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LONDON/ROME (Reuters) - Saverio Costanzo, the Italian director of the New York City-set low-budget drama "Hungry Hearts" that will compete for the top prize at the Venice Film Festival opening this week, sees the exposure his film will get as a godsend.
"For a movie like this a festival is crucial," Costanzo, who said he made the movie for under 1 million euros (1.32 million US dollar), told Reuters.
"We need the festival to make a buzz so people know about the film and Venice is a festival that is full of passion."
That is a welcome endorsement for the Venice Film Festival's 71st edition, which opens on Wednesday with the much-anticipated world premiere of "Birdman" by Mexican director Alejandro Gonzalez Inarritu and starring Michael Keaton as a former superhero trying to make a comeback.
Although it is the world's oldest film festival and perhaps its most glamorous, with stars chauffeured to the red carpet on Lido Island by motorboat water taxis instead of limousines, it struggles, a bit like the city, to keep its head above water.
"For the longest time it lived off its reputation for being one of the oldest, one of the most prestigious, one of the most gorgeous places in Europe but in the last few years it's lost a bit of its purpose because the independent and arthouse film industry has been hard hit," said Scott Roxborough, German bureau chief for The Hollywood Reporter trade publication.
The festival's director, Alberto Barbera, who was brought back in 2012 after an eight-year hiatus, has introduced a host of innovations to keep Venice relevant at a time when the Tribeca Festival in New York in April steals some of its artistic thunder and the Toronto Film Festival that begins next week has become a global cinematic mega mall.
Toronto shows hundreds of films while Venice screens 55, 20 of those competing for the top Golden Lion award.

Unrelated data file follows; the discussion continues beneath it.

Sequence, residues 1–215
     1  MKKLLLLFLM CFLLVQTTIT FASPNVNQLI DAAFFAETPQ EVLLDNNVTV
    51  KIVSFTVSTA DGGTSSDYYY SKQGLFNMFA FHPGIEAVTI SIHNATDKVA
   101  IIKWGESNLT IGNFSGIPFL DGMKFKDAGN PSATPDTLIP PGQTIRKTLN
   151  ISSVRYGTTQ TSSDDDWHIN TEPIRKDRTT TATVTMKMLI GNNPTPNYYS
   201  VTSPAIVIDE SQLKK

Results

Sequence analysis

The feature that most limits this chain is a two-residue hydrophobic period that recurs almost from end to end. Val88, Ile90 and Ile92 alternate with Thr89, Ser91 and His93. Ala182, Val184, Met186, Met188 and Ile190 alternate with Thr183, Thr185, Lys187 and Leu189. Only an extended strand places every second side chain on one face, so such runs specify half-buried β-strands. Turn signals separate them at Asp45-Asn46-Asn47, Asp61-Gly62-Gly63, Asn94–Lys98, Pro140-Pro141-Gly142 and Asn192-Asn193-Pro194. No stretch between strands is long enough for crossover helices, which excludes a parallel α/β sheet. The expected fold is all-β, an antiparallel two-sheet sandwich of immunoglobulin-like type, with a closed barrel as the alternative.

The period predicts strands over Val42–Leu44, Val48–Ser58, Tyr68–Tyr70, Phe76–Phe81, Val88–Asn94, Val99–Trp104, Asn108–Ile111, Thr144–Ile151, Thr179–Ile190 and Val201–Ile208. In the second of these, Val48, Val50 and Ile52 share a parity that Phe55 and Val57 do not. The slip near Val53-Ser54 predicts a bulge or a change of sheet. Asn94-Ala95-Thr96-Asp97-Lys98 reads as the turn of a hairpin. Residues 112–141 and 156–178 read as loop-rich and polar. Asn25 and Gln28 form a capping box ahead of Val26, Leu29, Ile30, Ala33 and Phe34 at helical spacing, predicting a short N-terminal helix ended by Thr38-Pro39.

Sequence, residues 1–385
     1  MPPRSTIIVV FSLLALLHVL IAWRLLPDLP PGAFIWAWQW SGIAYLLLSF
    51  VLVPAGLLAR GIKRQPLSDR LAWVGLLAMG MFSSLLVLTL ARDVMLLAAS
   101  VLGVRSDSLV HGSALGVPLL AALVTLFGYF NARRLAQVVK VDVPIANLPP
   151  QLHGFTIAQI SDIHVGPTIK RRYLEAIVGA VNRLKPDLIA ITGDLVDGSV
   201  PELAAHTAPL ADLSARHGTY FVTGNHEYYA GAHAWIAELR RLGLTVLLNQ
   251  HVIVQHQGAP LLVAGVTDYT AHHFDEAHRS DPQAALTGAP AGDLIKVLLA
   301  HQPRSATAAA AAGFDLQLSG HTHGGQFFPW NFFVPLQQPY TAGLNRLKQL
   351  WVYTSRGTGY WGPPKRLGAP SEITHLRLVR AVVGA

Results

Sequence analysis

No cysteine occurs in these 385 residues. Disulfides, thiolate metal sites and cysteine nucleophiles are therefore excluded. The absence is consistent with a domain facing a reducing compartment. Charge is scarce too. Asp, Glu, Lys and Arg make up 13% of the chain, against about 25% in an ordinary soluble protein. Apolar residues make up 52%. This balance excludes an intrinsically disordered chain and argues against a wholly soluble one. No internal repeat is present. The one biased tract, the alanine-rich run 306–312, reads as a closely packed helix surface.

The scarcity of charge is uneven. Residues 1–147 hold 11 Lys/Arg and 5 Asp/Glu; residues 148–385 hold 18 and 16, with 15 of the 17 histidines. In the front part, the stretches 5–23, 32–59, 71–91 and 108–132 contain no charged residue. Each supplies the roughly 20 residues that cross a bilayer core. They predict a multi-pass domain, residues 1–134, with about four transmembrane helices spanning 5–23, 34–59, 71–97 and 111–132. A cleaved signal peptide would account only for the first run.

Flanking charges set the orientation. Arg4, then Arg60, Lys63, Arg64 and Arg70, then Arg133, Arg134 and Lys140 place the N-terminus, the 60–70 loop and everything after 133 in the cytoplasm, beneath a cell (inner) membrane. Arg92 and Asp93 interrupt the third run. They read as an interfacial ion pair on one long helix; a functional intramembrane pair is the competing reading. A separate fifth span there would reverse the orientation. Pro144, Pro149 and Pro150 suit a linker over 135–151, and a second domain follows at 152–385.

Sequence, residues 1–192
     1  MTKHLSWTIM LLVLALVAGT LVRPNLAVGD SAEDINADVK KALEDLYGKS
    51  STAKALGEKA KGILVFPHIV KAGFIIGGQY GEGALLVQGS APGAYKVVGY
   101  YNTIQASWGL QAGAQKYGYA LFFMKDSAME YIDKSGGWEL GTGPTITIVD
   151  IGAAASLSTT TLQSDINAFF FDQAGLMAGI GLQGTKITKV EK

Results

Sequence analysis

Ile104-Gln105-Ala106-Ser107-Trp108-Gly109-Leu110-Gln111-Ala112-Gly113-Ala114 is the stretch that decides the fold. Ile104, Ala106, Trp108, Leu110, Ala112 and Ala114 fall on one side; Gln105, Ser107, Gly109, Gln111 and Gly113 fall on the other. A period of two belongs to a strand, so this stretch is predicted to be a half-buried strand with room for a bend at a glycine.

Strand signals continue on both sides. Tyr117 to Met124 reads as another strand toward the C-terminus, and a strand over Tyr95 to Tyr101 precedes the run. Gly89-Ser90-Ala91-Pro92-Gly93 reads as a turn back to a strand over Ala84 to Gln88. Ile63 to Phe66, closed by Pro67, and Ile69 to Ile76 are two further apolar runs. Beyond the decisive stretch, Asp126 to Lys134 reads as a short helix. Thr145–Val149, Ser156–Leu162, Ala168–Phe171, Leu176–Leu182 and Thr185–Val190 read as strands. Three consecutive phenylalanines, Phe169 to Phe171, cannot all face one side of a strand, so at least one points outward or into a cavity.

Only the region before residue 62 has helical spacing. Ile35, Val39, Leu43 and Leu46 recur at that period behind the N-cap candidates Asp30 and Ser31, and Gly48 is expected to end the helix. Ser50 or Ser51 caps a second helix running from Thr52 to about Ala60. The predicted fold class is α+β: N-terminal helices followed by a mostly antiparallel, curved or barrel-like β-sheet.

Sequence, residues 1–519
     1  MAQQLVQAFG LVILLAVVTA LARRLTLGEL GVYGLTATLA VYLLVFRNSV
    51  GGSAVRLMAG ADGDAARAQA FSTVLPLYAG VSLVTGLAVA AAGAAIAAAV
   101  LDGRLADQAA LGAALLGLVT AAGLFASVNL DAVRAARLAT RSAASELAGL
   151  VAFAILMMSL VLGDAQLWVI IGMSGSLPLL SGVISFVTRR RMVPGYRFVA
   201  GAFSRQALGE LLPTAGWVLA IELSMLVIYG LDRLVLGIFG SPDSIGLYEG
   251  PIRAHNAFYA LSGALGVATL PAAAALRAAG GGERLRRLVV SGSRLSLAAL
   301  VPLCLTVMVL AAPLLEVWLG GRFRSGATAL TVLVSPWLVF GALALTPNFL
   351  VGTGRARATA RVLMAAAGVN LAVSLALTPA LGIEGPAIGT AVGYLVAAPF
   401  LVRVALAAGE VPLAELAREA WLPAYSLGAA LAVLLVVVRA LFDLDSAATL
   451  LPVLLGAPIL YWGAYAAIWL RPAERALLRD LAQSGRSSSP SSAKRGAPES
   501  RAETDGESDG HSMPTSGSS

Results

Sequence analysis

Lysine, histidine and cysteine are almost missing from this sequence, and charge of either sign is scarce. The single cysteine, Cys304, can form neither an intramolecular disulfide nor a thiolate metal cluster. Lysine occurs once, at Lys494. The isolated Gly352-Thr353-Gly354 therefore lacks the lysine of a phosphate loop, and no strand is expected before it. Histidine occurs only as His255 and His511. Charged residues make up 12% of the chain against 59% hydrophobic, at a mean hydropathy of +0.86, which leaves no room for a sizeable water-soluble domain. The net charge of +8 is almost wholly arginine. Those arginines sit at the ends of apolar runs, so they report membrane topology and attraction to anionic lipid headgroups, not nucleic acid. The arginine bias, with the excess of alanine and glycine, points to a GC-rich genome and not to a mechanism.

On the artistic front, the "Venice Days" forum, run independently but parallel to the main lineup, this year has 14 films competing for the first time for a 20,000-euro prize.
"We are not looking for middle-of-the-road cinema. We look for filmmakers that have made a film that breaks away from their traditional style," its director, Giorgio Gosetti, told Reuters.
Gosetti says Venice Days lets directors meet, spend time and dine together at its special "villa" - which he sees, without naming it, as a world away from the likes of Toronto.
"Film festivals today are factories or supermarkets, where everyone goes to buy the products, speaks to nobody and then goes to the checkout and pays," he said.
But festivals increasingly need a "checkout counter" where the movers and shakers in the cinema world can make deals, and Barbera gets much credit for having launched a long overdue Venice Film Market, now in its third year.
The Venice Film Market last year recorded a 25 percent increase in the number of distributors, producers and sales agents attending as well as films presented over its first year, the festival says on its website.
The aim clearly is to boost Venice's profile as a place to do business, but John Hopewell, a reporter for trade publication Variety, said the festival still has a long way to go.
"The number of industry participants at Venice according to the festival itself is 1,400 and that's not much more than Locarno which is around 1,070 or San Sebastian which is about 1,000," Hopewell said, naming two other big European festivals.
"You would expect the industry presence in Venice to be significantly higher but I think the Venice Film Market is a step in the right direction."
Besides, Hopewell said, there's no better place than Venice for a producer or film company to impress an actor or actress in a film that's been made, or one for which they've yet to sign.
"Everyone can have a limo but not so many Hollywood actors have been in a water taxi to arrive to walk up the staircase and suddenly they're on an idyllic island, very relaxed, signing autographs and you've got Venice in the background," he said.
"That's probably as glamorous if not more glamorous than Cannes and certainly more glamorous than Toronto, Berlin or Sundance."
Writing by Michael Roddy; Editing by Angus MacSwan